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Hazing Prevention Guide College is an exciting time to get involved in a number of different campus activities. Joining a club, organization, or team is a great way to meet new people and create lasting friendships. The goal of joining any campus group is to provide a positive experience for all members, and unfortunately hazing is a growing trend around the nation that devalues and often ruins many students’ experiences. This guide is a valuable resource for students, parents, alumni, faculty, and administration on what constitutes hazing, how to eliminate hazing, and how to make your club/organization/team stronger and better without hazing. We encourage all readers to review the three sections EDUCATE, ELIMINATE, and ELEVATE to better their campus groups and promote positive experiences for all students at Arkansas Tech University.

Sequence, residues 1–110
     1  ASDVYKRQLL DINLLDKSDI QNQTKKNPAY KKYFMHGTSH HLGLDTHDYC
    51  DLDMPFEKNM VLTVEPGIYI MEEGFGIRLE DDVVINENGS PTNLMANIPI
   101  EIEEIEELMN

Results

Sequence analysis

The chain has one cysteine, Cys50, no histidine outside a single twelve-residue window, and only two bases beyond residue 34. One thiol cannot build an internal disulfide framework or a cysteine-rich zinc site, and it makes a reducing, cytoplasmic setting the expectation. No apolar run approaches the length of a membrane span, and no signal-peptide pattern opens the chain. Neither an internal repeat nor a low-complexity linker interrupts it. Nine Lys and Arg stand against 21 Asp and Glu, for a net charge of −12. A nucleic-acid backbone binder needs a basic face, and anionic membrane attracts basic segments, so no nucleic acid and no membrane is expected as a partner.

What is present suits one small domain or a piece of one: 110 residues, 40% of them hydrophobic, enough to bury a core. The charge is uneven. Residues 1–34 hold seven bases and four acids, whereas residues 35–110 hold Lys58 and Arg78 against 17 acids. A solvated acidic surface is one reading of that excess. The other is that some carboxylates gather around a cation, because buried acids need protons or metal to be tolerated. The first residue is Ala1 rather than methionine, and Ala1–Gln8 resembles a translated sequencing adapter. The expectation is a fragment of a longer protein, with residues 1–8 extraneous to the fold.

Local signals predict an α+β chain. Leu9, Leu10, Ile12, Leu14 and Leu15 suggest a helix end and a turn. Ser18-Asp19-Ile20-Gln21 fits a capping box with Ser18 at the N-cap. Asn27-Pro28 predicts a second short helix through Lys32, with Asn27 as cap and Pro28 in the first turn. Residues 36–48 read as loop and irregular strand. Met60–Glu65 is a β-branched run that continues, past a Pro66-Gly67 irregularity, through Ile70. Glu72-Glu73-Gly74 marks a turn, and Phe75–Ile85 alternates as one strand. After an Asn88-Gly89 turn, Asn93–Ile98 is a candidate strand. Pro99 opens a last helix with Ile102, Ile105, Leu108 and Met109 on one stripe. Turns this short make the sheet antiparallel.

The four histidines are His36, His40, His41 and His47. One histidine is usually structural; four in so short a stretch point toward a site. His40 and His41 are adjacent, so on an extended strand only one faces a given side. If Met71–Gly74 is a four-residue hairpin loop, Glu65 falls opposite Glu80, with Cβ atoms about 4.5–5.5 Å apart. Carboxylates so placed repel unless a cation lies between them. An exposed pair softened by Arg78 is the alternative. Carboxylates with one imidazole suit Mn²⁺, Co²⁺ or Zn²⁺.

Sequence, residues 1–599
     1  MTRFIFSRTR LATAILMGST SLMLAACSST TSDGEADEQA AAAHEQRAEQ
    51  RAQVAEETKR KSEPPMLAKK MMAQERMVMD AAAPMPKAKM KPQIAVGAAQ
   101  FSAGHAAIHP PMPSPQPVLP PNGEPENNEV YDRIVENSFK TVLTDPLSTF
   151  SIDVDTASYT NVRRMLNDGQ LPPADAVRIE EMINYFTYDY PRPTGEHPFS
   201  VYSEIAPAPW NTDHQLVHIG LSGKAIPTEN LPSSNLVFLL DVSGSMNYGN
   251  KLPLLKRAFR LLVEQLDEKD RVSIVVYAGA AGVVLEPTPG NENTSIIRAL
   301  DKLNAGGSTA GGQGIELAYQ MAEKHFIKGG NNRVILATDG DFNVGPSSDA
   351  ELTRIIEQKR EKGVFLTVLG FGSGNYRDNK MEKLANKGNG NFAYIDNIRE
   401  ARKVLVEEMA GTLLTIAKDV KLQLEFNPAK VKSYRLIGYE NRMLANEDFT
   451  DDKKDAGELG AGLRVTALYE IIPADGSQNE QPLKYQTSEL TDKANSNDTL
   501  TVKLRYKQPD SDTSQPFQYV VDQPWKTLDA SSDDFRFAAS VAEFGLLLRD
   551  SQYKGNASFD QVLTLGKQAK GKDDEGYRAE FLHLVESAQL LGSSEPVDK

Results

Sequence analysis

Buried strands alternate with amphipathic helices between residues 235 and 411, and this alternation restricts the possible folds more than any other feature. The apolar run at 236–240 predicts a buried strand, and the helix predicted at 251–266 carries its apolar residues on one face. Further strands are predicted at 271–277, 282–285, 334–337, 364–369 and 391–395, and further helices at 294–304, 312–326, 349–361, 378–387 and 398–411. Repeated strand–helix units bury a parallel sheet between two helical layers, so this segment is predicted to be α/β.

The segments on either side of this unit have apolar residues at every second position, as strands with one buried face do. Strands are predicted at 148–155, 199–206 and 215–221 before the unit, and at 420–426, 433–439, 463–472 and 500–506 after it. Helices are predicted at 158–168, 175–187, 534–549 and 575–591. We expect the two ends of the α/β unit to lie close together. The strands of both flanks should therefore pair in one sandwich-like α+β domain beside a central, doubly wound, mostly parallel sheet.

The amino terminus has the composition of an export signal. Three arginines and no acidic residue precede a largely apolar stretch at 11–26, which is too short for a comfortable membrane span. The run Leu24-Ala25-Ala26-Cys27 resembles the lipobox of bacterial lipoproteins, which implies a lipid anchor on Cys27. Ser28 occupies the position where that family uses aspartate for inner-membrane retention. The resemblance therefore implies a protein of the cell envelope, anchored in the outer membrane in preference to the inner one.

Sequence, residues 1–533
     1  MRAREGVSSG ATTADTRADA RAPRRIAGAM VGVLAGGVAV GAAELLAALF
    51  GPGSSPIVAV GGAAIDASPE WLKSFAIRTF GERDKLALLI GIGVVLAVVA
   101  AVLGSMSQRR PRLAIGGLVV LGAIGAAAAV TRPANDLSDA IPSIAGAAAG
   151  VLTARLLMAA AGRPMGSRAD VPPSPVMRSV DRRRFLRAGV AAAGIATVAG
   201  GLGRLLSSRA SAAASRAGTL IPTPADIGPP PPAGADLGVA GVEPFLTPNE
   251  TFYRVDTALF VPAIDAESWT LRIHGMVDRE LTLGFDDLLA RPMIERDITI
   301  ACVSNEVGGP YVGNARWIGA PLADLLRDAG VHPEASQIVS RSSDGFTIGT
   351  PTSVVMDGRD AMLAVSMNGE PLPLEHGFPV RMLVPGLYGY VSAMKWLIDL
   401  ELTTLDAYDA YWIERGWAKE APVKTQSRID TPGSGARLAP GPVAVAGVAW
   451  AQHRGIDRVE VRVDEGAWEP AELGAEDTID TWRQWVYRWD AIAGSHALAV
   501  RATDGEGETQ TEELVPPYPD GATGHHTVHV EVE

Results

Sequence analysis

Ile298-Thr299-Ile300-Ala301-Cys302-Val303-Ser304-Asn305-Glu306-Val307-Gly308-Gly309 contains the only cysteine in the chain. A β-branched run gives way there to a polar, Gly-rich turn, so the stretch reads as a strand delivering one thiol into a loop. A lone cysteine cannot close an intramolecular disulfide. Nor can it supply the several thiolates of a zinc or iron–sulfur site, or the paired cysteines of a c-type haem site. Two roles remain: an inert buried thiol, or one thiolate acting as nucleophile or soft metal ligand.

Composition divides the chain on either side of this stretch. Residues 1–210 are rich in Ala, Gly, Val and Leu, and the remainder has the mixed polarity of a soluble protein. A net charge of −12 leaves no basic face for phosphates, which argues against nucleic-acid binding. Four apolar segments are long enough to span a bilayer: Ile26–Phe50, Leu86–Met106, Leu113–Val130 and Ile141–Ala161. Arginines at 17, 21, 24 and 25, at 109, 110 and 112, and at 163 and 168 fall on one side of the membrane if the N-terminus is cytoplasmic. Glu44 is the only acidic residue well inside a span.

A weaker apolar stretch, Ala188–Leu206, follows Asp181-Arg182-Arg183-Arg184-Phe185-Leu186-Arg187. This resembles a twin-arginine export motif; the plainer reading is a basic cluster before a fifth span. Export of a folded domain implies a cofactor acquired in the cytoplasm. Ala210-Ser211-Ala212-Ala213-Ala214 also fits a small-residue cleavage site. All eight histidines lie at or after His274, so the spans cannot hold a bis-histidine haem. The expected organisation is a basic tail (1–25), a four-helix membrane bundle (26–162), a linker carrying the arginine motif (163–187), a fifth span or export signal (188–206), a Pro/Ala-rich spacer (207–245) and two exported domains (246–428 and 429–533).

section 1: educate

This section provides definitions, facts, scenarios, and myths about hazing that give a clear understanding of what is considered hazing and who can play a part in aiding or ending hazing activities.

Definitions Laying Down the Law Arkansas Tech University Hazing Policy Myth Busters Questions to Ask Types of Hazing Hazing Scenarios

section 2:

eliminate

This section focuses on how to report hazing and the importance of reporting. Responsibility The Fear Factor Reporting Hazing Alternatives for Hazing

section 3: elevate

This section provides ideas for what the new member experience should look like. What the New Member Experience Should Look Like What the New Member Experience Should Not Look Like Additional Resources Arkansas State Hazing Law


Educate

Hazy about hazing? This section provides definitions, facts, scenarios, and myths about hazing that give a clear understanding of what is considered hazing and who can play a part in aiding or ending hazing activities.